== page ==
10 Ways To Get Rid of Credit Card Debt Faster

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If you look at your finances and see a lot of debt, you're not alone.

Pandemic stimulus packages did help to reduce U.S. consumer debt in 2020. But Federal Reserve data shows that balances began to grow again in 2021 and reached a new all-time high of over $900 billion in August 2022. The average APR on credit cards also recently reached a new peak of 18.17%.

Credit card debt is some of the most expensive debt you can carry. It often has interest rates that start in the high teens. Pair these high interest rates with low minimum monthly payments, and it’s easy to find yourself in a heap of credit card debt.

If you’re like many Americans and you're wondering how to pay off consumer debt, don’t panic. Debt happens, and it’s possible to pay it off. Take it from me — someone who has paid off more than $40,000 in debt — becoming debt-free is possible if you take a dedicated approach. Below are ten strategies to help you pay off debt more quickly.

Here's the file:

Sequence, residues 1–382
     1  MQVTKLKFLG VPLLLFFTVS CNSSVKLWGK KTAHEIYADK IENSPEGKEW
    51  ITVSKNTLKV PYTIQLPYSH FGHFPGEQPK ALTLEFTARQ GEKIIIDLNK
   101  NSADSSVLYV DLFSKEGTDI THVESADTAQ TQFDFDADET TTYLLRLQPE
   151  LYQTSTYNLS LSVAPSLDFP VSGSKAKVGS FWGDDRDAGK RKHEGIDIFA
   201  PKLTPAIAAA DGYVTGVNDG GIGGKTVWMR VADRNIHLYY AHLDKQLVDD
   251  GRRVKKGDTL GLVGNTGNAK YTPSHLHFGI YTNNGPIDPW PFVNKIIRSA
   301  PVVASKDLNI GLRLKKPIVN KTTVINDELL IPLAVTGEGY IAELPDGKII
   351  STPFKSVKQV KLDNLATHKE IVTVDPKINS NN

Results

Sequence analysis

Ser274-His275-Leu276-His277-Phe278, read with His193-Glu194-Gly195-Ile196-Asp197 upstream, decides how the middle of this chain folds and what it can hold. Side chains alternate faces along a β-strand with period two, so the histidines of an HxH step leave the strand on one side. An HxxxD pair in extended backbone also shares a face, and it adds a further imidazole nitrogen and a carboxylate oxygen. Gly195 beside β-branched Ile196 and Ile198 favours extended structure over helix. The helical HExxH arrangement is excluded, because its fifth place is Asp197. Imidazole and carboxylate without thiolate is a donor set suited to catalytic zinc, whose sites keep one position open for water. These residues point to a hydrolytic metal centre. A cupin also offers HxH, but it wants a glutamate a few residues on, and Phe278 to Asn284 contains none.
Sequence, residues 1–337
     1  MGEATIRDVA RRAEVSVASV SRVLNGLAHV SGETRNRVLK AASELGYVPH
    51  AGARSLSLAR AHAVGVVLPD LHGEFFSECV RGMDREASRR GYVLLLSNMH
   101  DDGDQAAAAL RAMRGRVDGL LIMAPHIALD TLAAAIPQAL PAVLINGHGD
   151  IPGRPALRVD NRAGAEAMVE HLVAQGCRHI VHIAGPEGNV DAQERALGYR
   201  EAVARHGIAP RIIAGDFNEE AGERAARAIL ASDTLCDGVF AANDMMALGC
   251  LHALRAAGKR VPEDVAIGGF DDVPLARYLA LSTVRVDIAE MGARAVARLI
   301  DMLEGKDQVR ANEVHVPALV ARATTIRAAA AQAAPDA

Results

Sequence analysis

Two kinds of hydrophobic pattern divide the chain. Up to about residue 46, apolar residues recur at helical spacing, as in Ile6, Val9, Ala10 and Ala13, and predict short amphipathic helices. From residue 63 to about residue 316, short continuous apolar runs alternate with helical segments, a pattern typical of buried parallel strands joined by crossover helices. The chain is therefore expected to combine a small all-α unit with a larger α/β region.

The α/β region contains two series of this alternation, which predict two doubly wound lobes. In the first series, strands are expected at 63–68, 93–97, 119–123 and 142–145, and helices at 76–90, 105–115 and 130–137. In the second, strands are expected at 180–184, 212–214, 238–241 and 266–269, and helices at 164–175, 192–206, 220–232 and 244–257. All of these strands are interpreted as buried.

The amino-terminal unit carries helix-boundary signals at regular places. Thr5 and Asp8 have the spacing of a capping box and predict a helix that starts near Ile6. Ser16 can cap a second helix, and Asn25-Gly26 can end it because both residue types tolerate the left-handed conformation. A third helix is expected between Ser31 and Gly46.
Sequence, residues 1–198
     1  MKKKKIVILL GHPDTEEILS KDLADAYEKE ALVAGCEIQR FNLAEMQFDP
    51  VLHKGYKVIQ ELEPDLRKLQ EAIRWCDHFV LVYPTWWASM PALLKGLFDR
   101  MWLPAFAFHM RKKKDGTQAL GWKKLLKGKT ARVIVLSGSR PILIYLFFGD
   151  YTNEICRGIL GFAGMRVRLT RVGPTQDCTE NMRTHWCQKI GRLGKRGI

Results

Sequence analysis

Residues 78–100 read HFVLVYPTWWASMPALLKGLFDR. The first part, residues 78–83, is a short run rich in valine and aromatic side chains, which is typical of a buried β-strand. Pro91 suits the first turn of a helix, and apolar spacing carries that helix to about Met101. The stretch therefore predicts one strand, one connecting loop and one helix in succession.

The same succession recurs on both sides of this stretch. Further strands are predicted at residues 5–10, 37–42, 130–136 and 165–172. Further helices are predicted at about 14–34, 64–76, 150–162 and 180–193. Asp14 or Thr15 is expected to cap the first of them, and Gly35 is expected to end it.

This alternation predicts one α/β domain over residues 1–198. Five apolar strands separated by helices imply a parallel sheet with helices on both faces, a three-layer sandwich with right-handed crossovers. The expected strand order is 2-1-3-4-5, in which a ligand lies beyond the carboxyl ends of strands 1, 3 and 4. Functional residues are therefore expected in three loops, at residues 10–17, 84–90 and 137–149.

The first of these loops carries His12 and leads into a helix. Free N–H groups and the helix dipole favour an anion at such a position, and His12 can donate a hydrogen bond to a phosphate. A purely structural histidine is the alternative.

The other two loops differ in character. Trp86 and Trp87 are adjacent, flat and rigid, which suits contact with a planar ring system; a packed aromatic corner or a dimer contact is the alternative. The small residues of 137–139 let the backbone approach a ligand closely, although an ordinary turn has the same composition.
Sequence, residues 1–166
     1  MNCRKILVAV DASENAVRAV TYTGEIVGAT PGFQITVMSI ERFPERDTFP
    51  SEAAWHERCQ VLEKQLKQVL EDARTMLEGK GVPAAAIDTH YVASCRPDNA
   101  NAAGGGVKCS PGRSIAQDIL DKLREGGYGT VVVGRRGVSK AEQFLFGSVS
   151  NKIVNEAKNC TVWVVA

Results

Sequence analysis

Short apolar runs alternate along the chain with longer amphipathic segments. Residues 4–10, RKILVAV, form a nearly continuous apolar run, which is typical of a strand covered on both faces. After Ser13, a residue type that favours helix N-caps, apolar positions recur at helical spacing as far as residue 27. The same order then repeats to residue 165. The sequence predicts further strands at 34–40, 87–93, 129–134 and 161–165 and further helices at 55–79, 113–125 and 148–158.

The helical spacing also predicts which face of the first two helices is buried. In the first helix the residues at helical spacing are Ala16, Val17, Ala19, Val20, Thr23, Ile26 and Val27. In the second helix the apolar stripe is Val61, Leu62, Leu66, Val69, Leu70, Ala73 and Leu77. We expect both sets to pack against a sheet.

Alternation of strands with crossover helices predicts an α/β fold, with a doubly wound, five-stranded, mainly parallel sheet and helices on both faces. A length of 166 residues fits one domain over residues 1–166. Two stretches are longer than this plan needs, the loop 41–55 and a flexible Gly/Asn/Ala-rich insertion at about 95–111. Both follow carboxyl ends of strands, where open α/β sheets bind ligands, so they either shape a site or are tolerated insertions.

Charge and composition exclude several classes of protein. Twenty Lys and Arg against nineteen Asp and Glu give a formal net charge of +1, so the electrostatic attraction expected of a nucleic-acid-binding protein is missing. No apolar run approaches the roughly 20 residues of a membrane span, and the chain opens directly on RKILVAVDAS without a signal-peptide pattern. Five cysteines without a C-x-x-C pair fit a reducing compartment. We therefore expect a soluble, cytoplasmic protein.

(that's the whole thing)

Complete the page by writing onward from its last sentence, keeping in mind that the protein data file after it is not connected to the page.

The Short Version

  • Total credit card debt in the United States reached a new all-time-high of over $900 billion in August 2022.
  • The average credit card interest rate has sky-rocketed in 2022 and reached a high of 18.17% for the week of September 7th.
  • There are several approaches you can take to pay off your credit card debt faster including doubling your payments, using a debt snowball or debt avalanche, and more.
  • If you need more help, there are multiple not-for-profit resources that can provide personalized counsel.

10 Ways Get to Rid of Credit Card Debt Faster

These approaches to debt management can be tailored to fit your specific situation. Use any single strategy on its own, or pick and choose which ones will work for you

1. Define Your Debt